The weather in the mountains of North Carolina in early spring is quite inconsistent…that is about all I can say for sure. One day it is quite warm. Sunny. Warm. Then, in the blink of an eye…windy…cold…snow. Cold. Snow. The past 3 days have been filled with thunderstorms. Thunder. Lightning. There is nothing like a thunderstorm in the mountains. When the thunder makes its sound…which is amazing if you think about it…the echo then repeats it…louder and louder and on and on. Truly, it is amazing. What would be a quick note elsewhere is a short symphony here. Definitely something to make sure to experience in life. That along with standing out in the storm…right in it.
Just a few days back (on the 9th)………………
It was a perfect time for strange weather…with the Full Pink Moon rising just that night, and while in search of undisturbed Chickweed (for my spring batch of ‘ApotheCarey’s All Healing Salve’) to infuse in oil…under a full moon being the best time to begin that two-week process (of course), I came across the early blooms of the Bloodroot (Sanguinaria canadensis).
Bloodroot’s name comes from the fact that the root exudes a red juice similar to the color of human blood. Other common names are Indian Paint, Tetterwort, Red Puccoon, Red Root, Coon Root, Snakebite, Sweet Slumber. Many native tribes used the juice of the root to decoratively paint their skin for ceremony. A bachelor of the Ponca tribe would use Bloodroot as a love charm by rubbing the root on the palm of his hand, shake hands with the woman he desired to marry, and if the charm was successful, after five or six days she would then be willing to marry him. The juice was also used to dye cloth and baskets. Bloodroot is of the Poppy family and contains Protopine, an alkaloid also found in Opium, thus giving it mild narcotic effects (don’t you remember the wicked witch using Poppies to put Dorothy and co. to “sleep” to delay their arrival at the Emerald Castle?…ahhh, it all makes since now…). Don’t try this at home-you can go so wrong with medicinal herbs, and this herb is in fact listed as poisonous!!!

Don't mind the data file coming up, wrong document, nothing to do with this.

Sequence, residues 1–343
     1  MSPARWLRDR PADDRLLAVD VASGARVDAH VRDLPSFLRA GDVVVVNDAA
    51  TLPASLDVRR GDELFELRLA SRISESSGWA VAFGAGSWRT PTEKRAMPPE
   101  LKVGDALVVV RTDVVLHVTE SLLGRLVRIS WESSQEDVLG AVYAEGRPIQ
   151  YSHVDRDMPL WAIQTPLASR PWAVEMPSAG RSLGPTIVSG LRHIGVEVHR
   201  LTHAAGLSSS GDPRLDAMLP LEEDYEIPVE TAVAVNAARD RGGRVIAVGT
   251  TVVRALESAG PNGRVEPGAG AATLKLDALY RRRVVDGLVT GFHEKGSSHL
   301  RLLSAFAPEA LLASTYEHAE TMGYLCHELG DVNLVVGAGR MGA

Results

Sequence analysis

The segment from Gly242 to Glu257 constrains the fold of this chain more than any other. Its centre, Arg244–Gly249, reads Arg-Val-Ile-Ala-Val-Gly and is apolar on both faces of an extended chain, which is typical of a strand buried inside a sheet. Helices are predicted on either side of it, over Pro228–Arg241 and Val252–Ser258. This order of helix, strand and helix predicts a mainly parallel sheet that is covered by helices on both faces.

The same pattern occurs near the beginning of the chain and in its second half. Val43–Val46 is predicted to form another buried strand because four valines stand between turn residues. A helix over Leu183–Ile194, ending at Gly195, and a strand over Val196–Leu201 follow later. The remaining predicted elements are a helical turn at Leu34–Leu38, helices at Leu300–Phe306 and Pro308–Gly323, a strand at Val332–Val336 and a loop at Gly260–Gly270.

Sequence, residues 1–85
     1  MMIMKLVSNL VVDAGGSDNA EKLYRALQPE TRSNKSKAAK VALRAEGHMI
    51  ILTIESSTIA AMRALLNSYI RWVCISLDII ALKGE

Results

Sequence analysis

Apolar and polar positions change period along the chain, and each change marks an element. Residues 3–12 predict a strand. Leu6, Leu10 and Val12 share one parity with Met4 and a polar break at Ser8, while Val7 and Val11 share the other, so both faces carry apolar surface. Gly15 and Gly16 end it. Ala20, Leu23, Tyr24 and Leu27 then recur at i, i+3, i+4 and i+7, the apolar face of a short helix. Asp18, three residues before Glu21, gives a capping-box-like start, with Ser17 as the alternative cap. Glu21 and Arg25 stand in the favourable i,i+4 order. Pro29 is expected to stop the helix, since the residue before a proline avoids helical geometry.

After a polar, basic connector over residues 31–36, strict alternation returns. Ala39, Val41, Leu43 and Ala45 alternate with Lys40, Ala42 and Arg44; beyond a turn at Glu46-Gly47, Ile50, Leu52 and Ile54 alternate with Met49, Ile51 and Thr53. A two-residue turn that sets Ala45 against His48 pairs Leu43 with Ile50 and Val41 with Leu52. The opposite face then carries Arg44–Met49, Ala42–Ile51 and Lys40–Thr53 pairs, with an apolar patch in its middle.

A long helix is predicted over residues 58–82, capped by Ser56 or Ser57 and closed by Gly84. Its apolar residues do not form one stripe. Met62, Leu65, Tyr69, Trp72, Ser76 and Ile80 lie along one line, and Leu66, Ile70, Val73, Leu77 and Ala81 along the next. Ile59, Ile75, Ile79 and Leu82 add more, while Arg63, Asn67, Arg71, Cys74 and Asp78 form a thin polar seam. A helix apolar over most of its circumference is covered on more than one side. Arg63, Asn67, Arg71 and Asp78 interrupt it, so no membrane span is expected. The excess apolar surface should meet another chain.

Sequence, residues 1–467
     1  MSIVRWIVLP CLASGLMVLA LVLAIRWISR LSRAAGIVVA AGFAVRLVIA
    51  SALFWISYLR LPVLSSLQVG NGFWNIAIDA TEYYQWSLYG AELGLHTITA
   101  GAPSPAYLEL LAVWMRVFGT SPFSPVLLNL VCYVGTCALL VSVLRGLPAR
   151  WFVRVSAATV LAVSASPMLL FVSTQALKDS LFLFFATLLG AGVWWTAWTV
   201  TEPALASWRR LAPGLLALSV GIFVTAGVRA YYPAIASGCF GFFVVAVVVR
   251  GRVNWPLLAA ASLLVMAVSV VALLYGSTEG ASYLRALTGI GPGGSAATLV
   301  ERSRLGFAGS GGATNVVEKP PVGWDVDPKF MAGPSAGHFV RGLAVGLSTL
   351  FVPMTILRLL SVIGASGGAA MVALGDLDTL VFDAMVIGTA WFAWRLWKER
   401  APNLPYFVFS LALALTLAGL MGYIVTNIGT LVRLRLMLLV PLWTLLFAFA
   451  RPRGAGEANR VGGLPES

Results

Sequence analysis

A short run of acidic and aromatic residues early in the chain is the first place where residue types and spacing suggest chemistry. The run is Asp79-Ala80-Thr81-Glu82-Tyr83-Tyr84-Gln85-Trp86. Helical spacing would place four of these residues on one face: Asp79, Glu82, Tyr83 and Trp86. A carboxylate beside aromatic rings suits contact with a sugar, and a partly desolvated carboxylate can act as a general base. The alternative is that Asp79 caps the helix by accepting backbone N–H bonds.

Sanguinaria canadensis received its latin name from the word sanguine which means: consisting of or relating to blood. Sanguinarine, the predominate alkaloid which is considered poisonous, can cause slight central nervous system depression and narcosis if taken internally. However, it has been found to have an incredible list of medicinal properties such as: antimicrobial, anesthetic and anticancer. It is also an expectorant. It is antispasmodic and is also an emmenagogue (YOU go to herb school and learn what those mean!). This incredible lady plant is not commonly used by herbalists today-likely because of it’s potential toxic side effects. You will however see it used as an escharotic salve for skin and breast cancers. It is also found in mouthrinses and toothpastes as a plague deterrent.
Where I live, this time of year all you need to do to view this plant in bloom is walk into the woodland forest. She is abundant. You can just feel her power. I dare not harvest for she is a tricky plant to know…I simply admire, respect and keep moving.
Ahhh…check us out…absorbing the Vitamin D…during the strange window of sunny weather before one of the storms…kids?…what kids?